Wait–it’s not new to the world, or new to the school, but new to us!
Today we used ActivExpressions for the first time. Don’t know what I mean? Check out this picture:
Ok, sorry for the quality of that pic, but hopefully you get the idea. It looks alot like a cell phone, but is connected to our ActivBoard, and can be used to answer questions (using multiple choice format), or you can even text in your answer to a constructed response question!
We are getting ready to take a test at the end of our Force and Motion unit in science, and so were ready to review today. Instead of playing a game, or just answering questions out of the book, we used a flipchart on the ActivBoard that had questions we could answer using the ActivExpressions. Here’s a random page from the flipchart we were using, to give you a better idea of what we were doing:
There were a couple of questions where the kiddos had to text in their answer, and they TOTALLY LOVED that part of our science review:
I loved how I kept hearing them say that, “This is so fun!” My class loves science and socials studies (well they love everything we do, really), but you gotta love how a little change in the format, and an addition of a gadget and you’ve got their attention. We will definitely we using these again soon. Well, tomorrow, actually, because we didn’t finish today. 🙂
Clickers are fun! I wrote a fake research plan about them over the summer (as in, I didn’t have to actually do the research). I found a really neat iOS clicker app I’m excited to use the rest of the semester. Socrative. It also just works on a website, so your kiddos could use the laptops to click in. I like it because the clickers we have at school have NO text options, and Socrative makes short answer questions very easy to do.
One barrier to more pervasive implementation of clickers in schools for student/teacher feedback is the extra investment teachers have to make in constructing the questions. The tech and publishing companies know this, which is why they make powerpoints you can use out of the box, but that only works if your clickers integrate with your website/PPT/whiteboard software (which ours don’t. LONG story).
Anyway, glad your first experience was a success!
**Spoiler alert** Research from college campuses show that the novelty effect of the new tech for increasing student engagement only lasts a very short time – in the long run the immediate feedback is much more valuable to them. Which, interestingly enough, you can just do with whiteboards or index cards. (But those aren’t as fun!) (Really, the anti-novelty effect goes against every conventional wisdom in my body)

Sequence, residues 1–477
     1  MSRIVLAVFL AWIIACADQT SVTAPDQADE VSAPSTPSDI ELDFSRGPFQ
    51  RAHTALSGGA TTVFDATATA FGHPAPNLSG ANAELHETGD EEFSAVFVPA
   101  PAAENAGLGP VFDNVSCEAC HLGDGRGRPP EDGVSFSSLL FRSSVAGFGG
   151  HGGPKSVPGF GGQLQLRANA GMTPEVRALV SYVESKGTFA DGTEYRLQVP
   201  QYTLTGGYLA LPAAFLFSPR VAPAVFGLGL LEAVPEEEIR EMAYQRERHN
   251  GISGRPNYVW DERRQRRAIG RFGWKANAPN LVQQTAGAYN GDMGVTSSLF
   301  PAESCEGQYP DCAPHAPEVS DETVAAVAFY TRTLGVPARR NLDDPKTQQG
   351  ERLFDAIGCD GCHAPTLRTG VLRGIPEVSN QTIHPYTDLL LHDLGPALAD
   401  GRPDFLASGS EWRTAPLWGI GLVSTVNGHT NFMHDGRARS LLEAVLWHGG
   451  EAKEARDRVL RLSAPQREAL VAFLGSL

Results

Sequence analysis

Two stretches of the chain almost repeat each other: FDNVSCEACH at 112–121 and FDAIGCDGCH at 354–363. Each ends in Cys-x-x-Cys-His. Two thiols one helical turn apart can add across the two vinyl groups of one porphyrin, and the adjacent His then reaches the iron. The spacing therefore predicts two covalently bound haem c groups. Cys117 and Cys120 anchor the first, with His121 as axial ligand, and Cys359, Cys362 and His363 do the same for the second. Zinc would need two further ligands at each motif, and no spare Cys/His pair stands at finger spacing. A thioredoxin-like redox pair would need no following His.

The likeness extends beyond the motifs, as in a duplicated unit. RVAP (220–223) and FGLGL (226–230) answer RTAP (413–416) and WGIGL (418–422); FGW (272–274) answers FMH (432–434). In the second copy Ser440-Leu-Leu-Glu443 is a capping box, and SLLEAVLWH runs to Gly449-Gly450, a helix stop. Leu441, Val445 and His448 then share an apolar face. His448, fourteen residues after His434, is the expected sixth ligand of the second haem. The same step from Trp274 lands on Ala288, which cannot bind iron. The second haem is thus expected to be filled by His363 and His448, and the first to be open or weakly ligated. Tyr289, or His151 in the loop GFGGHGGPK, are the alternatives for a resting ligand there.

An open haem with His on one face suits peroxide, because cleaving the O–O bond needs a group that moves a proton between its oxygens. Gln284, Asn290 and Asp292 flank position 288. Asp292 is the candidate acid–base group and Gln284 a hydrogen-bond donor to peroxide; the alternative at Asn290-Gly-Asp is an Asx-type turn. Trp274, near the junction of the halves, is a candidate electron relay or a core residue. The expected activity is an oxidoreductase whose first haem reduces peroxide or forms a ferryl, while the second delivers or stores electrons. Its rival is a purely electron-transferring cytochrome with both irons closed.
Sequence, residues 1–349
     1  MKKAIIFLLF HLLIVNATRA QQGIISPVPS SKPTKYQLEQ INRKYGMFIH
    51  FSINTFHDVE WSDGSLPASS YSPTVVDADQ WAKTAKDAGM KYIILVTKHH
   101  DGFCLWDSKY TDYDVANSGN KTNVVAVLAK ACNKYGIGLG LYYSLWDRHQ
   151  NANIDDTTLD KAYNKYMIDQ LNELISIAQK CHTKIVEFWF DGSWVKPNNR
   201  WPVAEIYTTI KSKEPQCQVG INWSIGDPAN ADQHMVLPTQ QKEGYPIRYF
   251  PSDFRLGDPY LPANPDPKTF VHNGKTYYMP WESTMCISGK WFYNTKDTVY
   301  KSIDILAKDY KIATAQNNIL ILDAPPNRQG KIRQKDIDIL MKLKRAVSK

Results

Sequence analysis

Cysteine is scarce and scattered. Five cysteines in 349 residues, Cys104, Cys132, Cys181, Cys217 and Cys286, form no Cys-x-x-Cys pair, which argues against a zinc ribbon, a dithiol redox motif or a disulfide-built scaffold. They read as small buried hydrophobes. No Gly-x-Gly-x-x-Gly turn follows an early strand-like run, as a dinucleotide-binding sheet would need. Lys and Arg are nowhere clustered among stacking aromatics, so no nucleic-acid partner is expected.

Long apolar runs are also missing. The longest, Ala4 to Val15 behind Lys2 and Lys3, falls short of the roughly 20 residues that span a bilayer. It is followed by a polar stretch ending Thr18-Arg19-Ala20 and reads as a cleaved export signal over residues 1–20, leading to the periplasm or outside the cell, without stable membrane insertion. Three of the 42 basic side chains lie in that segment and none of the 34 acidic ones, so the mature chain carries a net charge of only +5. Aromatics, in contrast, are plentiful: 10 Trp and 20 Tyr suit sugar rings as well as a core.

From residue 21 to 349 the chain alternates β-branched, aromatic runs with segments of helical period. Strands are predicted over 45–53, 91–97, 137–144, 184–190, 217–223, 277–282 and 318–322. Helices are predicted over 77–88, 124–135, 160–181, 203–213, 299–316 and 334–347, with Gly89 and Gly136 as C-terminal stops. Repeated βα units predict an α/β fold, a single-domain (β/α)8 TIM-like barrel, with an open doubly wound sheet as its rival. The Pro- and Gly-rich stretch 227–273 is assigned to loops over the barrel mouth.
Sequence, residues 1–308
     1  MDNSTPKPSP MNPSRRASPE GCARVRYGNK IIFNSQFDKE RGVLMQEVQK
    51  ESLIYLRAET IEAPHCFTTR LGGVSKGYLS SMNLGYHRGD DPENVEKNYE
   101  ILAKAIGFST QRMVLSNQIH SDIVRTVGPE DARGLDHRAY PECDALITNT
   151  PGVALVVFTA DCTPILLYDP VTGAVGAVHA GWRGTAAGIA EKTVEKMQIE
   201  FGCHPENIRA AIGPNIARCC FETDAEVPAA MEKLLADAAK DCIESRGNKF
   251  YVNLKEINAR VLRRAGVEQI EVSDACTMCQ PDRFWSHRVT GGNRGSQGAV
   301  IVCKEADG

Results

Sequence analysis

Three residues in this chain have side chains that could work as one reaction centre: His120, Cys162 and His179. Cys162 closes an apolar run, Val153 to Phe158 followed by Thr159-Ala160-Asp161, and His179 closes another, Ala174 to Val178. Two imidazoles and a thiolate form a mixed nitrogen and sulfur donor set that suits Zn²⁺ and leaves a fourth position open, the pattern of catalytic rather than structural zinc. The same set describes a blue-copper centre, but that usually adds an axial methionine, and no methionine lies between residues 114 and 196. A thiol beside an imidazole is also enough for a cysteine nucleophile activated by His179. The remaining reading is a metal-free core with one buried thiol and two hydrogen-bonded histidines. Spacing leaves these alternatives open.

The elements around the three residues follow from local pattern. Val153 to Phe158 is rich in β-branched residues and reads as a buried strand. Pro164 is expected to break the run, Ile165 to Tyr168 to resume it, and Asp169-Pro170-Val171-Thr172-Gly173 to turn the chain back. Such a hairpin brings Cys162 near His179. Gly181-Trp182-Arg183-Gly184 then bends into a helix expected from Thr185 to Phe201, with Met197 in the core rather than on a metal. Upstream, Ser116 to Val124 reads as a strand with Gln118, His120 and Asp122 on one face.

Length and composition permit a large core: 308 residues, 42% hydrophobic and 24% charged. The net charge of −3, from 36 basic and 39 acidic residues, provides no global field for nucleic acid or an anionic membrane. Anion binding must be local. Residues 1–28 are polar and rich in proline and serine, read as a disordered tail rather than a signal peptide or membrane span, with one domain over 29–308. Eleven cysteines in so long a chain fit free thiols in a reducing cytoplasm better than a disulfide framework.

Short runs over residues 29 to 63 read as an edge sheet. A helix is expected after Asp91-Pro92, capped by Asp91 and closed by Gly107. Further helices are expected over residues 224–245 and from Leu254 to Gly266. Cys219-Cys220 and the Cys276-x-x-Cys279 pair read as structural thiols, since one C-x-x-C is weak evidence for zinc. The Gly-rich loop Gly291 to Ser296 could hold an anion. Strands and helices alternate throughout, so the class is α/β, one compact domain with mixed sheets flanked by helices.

Wow–thanks for adding your thoughts. I should have known you’d be interested in a post on technology! Like I said, the ActivExpressions aren’t “new”, I just kept forgetting we had them! The multiple choice ones were great–I loved being able to quickly and easily see how much we understood–but the texting ones were a little trickier. Obviously, it took us a while to type in our answers. Not sure if I totally love that feature. This time we did it anonymously, but I can set it up so that I can collect each kiddo’s answers if I want to. I haven’t tried yet to create my own flipchart using them; the one we used was a pre-made one that came with our science curriculum–very handy.
I’m interested in Socrative. I’ll have to look it up. It’s free, I assume, right?
Hi, I don’t understand all of this but sound interesting. I am a homeschool teacher who teaches for a co-op. I have 15 students in my class…..how do u go about purchasing these devises? Tell me all ya know!
Patti–first of all, thanks for reading and more importantly for commenting! I am not really sure how you would go about getting ActivExpressions. They are a part of our school’s technology budget and go along with the ActivBoard that I have in my room (that’s an interactive whiteboard). They are both made my Promethean, so that might be a place to start. I am pretty certain they are really expensive, but you might be able to find a way to get someone to give you a grant for them. Wish I had more to tell you. But I do have a question–what does it mean that you teach for a co-op?